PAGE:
Saturday, July 04, 2015

Celebrating Independence Day!

A very Happy Independence Day to all Americans!

America declared its independence 239 years ago today with Thomas Jefferson's soaring words that " we hold these truths to be self-evident, that all men are created equal". However, the institution of slavery which most visibly contradicted the declaration's Enlightenment rhetoric remained intact, only to be abolished 89 years later after the Civil War.

As a naturalized American, I take the greatest pride in America's history of expanding the umbrella of constitutional liberties for all its people, starting with the Declaration of Independence and the Constitution through to the Emancipation Proclamation, Equal Protection under the 14th Amendment, Women's Suffrage and the Civil Rights Act. There have been bitter fights and innumerable setbacks along the way but, to paraphrase Martin Luther King, the arc of American history has bent toward justice.

In my mind, the representative scenes of American independence are of Washington crossing the Delaware or hunched-over participants at the Constitutional Convention. But I also think of the image of the exhausted and prematurely aged Abraham Lincoln, standing on the East Portico underneath the completed Capitol Dome, after taking the oath of office the second time. The greatest struggle for the advance of liberty in America was to end slavery and its signature moment was Lincoln's Second Inaugural Address on March 4th, 1865, barely more than a month before he was assassinated.

It is the most powerful work of oratory and literary genius in American political history. Here are some excerpts:

"Each looked for an easier triumph, and a result less fundamental and astounding. Both read the same Bible and pray to the same God, and each invokes His aid against the other. It may seem strange that any men should dare to ask a just God's assistance in wringing their bread from the sweat of other men's faces, but let us judge not, that we be not judged."...

"Fondly do we hope, fervently do we pray, that this mighty scourge of war may speedily pass away. Yet, if God wills that it continue until all the wealth piled by the bondsman's two hundred and fifty years of unrequited toil shall be sunk, and until every drop of blood drawn with the lash shall be paid by another drawn with the sword, as was said three thousand years ago, so still it must be said "the judgments of the Lord are true and righteous altogether."...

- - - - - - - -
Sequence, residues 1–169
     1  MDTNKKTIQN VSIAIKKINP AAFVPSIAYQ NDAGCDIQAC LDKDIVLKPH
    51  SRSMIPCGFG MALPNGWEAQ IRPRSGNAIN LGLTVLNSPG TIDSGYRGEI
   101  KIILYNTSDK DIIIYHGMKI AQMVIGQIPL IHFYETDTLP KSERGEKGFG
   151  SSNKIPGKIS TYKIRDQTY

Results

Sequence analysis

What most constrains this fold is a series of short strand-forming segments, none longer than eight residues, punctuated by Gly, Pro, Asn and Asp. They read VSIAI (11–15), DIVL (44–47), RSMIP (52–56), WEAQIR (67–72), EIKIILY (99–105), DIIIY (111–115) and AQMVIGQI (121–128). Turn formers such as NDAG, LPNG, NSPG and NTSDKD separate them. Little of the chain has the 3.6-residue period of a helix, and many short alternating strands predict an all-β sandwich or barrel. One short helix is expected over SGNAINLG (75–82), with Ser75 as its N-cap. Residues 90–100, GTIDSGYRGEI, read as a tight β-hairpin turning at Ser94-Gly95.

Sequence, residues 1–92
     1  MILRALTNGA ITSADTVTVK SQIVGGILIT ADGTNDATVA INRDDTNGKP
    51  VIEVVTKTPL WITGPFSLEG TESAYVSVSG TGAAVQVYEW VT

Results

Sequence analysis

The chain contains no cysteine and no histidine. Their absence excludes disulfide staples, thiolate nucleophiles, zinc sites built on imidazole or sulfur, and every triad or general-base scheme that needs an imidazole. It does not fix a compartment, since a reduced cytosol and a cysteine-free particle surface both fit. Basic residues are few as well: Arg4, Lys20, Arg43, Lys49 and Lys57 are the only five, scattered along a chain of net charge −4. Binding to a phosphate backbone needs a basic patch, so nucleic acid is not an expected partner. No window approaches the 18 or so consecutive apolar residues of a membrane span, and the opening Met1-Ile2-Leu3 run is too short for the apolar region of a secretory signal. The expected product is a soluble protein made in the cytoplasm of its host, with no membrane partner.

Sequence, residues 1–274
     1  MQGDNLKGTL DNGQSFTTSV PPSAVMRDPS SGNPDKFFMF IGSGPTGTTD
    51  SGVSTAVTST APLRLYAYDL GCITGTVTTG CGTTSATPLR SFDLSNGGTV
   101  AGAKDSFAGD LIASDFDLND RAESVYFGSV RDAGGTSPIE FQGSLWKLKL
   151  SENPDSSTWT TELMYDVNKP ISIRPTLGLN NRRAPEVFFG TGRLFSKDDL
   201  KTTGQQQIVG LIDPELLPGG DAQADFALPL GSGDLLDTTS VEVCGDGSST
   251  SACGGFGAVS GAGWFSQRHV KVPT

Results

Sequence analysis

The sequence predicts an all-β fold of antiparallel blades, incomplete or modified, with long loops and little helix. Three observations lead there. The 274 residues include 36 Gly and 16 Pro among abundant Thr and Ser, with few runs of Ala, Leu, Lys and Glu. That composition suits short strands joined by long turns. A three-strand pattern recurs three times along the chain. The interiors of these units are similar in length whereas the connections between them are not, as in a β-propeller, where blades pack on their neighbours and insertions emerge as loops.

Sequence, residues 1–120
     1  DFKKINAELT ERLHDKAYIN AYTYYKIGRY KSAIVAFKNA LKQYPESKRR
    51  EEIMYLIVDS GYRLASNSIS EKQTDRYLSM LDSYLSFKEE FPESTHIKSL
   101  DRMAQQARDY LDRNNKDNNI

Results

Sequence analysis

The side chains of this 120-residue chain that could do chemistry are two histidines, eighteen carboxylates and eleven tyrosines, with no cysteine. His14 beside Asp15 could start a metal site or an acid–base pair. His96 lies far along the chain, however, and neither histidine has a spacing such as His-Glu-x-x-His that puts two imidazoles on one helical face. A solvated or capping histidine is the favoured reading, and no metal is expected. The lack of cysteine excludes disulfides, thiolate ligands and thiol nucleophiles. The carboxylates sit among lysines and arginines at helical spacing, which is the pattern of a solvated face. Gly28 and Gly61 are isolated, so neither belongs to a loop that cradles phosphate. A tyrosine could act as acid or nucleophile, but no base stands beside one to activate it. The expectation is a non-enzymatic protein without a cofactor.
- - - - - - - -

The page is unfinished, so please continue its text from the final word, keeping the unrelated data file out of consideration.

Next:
"With malice toward none, with charity for all, with firmness in the right as God gives us to see the right, let us strive on to finish the work we are in, to bind up the nation's wounds, to care for him who shall have borne the battle and for his widow and his orphan, to do all which may achieve and cherish a just and lasting peace among ourselves and with all nations."

A very happy 4th to you!

Saturday, January 03, 2015

A Tribute to Peshawar Massacre's Victims - Faiz Sahib & Zehra Nigah

Faiz Ahmed Faiz wrote the introduction to "Dast-e-Saba", his second volume of poetry, in Hyderabad's Central Jail in September 1952. The volume was published that same year and includes several of Faiz Sahib's iconic verses; the poem Do Ishq ("Har daagh hai iss dil maiN ba-juz daagh-e-nidamat"), the famous ghazal "Tum aaye ho na shab-e-intezaar guzri hai" sung by Farida Khanum, Noor Jehan, Mehdi Hassan AND Iqbal Bano and the moving verses mourning the passing of his beloved older brother, Tufail ('Mujh ko shikwa hai meray bhai keh tum jaate hue' / 'Lay gaye saath meri umr-e-guzashta kee kitab').

The volume also includes a slightly lesser know poem called "Irani Talaba Kay Naam" with the sub-heading 'jo amn aur azadi kee jiddojehad maiN kaam aaye". (Translation: "Dedicated to Iranian Students" who died fighting for peace and independence). Like all first-rate poets, Faiz Sahib's best poetry is universal and timeless. Reading this poem a few days ago, it occurred to me that Faiz Sahib could have written these exact words for the children slain in Peshawar.

This post is a tribute to those lost lives in the words of Faiz Sahib and the voice of Zehra Nigah! 

Zehra Nigah, an eminent poet herself who was a good friend of Faiz Sahib, has done wonderful recitations of several of Faiz Sahib's poems, including "Irani talaba kay naam". Here is Zehra Nigah reciting the poem in her inimitable "tarannum". The words (in Roman Urdu) are transcribed below. My apologies to those who don't know Urdu but even a half-decent translation is beyond my abilities. I have included a glossary at the end for some of the more difficult words.

Irani Talaba Kay Naam

Yeh kaun sakhi haiN
jin kay lahoo kee
ashrafiaN chhan chhan, chhan chhan
dharti kay paiham pyaasay
kashkol maiN dhaltee jaatee haiN
kashkol ko bhartee jaati haiN

yeh kaun jawaN haiN arz-e-ajam
yeh lakh lut
jin kay jismoN kee
bharpoor jawani ka kundan
yooN khaak maiN reza reza hai
yooN koocha koocha bikhra hai

Aye arz-e-ajam, aye arz-e-ajam!
kyuN noch kay hans hans phaink diye
in aankhoN nay apnay neelam
in hontoN nay apnay marjaaN
in haatoN kee be-kal chaandi
kis kaam aayee, kis haath lagee

aye poochnay waalay pardesee!
yeh tifl-o-jawaN
uss noor kay nauras moti haiN
uss aag kee kachchi kaliyaN haiN
jis meethay noor aur karwee aag
say zulm kee andhee raat maiN phoota
subh-e-baghawat ka gulshan

aur subh huee man man, tan tan
in jismoN ka chaandi sona
in chehroN kay neelam marjaaN
jug-mug jug-mug, rakhshaaN rakhshaaN

jo dekhna chaahay pardesee
paas aaye dekhay jee bhar kar
yeh zeest kee rani ka jhoomar
yeh amn kee devi ka kangan!

sakhi: generous
ashrafiaN: gold coins
paiham pyaasay: always thirsty
kashkol: begging bowl
arz-e-ajam: non-Arab land (in this case Persia, but also Pakistan)
kundan: gold
neelam: sapphire, blue
marjaaN: deep pink or red
be-kal: restless
tifl-o-jawaN: children and youth
zeest: life